(619) 505-7777

THEATER REVIEW: “Footloose: The Musical” gets the toes tapping

Teenagers have lots of problems, but high schooler Ren McCormack (Anton Gero) really feels put upon. Ren’s dad has deserted the family and he and his mom Ethel (Debra Wanger) are forced to move from that toddlin’ town of Chicago all the way to the nowheresville that is Bomont, described as “a small Midwestern town” (it looks a lot like Texas).

Small isn’t the half of it. It’s also small-minded and super-religious, run by a town council whose most influential member is the stuffy Rev. Shaw Moore (Cris O’Bryon).

Ren gets the usual new kid cold-shoulder treatment, not to mention being roughed up by the local bullies. He starts to get into a dust-up with Willard (Jon Eidson), but they decide to be friends instead.

But where there’s a high school, there are bound to be girls, and sure enough, Ren sees one he likes. Trouble is, she’s taken. What’s worse, she’s Rev. Moore’s daughter Ariel (Emma Degerstedt).

What to do? Well, dance is the obvious answer, but the good pastor has seen to it that dancing in Bomont is outlawed everywhere, always, under all circumstances.

Let’s face it: kids gotta dance, no matter what any old fogeys think about it, and “Footloose” is a bopping teen-centric musical about that simple fact. The 1998 musical (based on the 1984 film) gets a sprightly production from San Diego Musical Theatre through Oct. 14 at the Birch North Park Theatre.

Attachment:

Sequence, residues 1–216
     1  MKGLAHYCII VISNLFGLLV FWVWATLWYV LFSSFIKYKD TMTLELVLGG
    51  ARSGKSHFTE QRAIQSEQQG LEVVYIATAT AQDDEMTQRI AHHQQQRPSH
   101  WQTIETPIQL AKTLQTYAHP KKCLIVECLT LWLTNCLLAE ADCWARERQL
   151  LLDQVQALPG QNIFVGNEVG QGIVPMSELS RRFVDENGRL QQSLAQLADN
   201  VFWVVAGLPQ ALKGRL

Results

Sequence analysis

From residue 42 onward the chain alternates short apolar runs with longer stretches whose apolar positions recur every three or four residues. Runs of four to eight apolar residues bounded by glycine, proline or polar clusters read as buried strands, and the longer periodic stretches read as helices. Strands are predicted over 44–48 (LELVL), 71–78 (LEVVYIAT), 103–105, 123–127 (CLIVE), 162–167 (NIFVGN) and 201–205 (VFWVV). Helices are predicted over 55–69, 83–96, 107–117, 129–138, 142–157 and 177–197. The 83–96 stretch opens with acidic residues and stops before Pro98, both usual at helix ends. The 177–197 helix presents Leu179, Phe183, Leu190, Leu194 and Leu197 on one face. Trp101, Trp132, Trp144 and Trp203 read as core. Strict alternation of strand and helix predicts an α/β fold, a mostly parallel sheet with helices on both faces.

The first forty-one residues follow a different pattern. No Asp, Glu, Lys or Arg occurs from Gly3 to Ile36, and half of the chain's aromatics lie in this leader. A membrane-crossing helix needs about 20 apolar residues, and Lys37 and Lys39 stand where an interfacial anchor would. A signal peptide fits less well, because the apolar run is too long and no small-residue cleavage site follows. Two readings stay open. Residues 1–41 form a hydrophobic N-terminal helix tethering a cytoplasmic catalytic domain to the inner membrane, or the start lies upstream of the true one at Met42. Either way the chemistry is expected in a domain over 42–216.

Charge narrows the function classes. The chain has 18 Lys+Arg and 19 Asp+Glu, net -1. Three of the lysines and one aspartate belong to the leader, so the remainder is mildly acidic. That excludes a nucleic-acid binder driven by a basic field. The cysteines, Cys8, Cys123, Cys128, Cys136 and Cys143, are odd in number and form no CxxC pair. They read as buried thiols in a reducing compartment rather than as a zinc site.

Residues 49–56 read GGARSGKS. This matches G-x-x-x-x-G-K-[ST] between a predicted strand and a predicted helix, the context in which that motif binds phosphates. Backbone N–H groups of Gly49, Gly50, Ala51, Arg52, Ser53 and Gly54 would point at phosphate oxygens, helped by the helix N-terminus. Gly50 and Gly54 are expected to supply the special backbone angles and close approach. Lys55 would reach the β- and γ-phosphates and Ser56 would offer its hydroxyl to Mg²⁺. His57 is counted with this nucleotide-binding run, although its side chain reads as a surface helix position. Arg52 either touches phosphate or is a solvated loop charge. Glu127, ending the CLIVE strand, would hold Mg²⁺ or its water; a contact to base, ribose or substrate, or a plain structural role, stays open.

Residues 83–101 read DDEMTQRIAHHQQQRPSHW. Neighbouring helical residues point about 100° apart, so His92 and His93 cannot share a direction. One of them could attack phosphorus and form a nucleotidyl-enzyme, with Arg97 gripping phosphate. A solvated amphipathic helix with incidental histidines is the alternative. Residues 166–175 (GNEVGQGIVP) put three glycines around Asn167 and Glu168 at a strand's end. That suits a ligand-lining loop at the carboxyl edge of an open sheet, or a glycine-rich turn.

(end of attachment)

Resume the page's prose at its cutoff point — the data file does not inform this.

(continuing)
Director/choreographer Robert Marra keeps the pace going and the dancing jivey, musical director Don LeMaster marshals the orchestral forces expertly and the cast is full of winning performances, individual and collective. The music by Tom Snow and lyrics by stage adapter Dean Pitchford are mostly bouncy and fun and always appropriate.

Fero’s Ren is terrific – a handsome young man and fine dancer with a great voice and the acting chops to pull this off. Degerstedt’s Ariel is a perfect foil – pretty, spunky, bright, exactly the kind of girl most any dad would be proud to call his daughter and any guy with sense would pursue.

Cris O’Bryon’s fine voice and acting makes the villain’s part palatable, and the character of Rev. Moore even a bit of a sympathetic character. Laura Dickinson is excellent as Moore’s wife Vi and especially fine in the affecting “Learning To Be Silent” trio.

“Footloose” is about dance, but it’s also about the conflict between wanting to fit in and the desire to change an intolerable situation. Ren wants to put a little fun back into being a teen; Vi wants Moore to develop a little more tolerance so they can get more fun back into their marriage.

This large, talented cast makes the two and a half hour running time fly (and dance) by.

The details

“Footloose” plays through Oct. 14 at Birch North Park Theatre,
2891 University Ave. in North Park.

Thursday at 7:30 pm; Friday at 8 pm; Saturday at 2 and 8 pm; Sunday at 2 pm.

For tickets, call 858-560-5740 or visit HERE.

To read more reviews by SDGLN Theater Critic Jean Lowerison, click HERE.